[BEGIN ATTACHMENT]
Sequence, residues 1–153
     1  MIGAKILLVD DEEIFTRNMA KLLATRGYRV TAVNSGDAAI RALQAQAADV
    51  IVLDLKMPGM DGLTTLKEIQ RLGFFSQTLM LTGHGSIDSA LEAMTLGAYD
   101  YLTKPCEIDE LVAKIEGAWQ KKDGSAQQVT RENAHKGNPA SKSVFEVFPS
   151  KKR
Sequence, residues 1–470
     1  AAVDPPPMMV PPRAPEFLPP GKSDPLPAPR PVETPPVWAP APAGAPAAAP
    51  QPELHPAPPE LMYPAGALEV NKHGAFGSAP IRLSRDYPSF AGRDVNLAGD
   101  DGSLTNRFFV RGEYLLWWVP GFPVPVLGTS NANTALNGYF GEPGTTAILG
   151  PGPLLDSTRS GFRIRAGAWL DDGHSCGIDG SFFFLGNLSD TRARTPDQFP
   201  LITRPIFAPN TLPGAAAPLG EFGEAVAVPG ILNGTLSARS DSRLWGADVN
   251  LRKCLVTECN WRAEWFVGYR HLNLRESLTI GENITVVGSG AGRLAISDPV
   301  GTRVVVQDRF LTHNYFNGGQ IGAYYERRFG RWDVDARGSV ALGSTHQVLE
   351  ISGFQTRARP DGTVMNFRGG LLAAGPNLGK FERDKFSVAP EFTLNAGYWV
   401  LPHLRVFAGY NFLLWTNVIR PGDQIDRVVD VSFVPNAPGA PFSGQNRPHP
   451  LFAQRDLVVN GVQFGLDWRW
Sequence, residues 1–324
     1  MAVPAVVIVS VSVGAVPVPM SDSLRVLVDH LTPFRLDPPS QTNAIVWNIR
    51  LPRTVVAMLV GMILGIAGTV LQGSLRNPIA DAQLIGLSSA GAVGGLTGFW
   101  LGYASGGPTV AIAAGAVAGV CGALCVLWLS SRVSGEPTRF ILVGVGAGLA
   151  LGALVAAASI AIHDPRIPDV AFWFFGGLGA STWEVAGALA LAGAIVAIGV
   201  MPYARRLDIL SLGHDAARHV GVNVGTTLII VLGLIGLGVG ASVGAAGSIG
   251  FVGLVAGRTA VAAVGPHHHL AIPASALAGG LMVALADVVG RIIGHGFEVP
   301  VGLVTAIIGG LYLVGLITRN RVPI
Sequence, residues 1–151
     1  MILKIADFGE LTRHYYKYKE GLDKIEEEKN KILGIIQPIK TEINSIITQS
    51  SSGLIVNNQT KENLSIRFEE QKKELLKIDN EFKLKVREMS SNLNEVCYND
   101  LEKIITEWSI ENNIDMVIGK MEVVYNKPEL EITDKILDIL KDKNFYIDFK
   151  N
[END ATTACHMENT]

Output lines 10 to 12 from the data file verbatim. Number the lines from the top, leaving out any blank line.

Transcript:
   151  PGPLLDSTRS GFRIRAGAWL DDGHSCGIDG SFFFLGNLSD TRARTPDQFP
   201  LITRPIFAPN TLPGAAAPLG EFGEAVAVPG ILNGTLSARS DSRLWGADVN
   251  LRKCLVTECN WRAEWFVGYR HLNLRESLTI GENITVVGSG AGRLAISDPV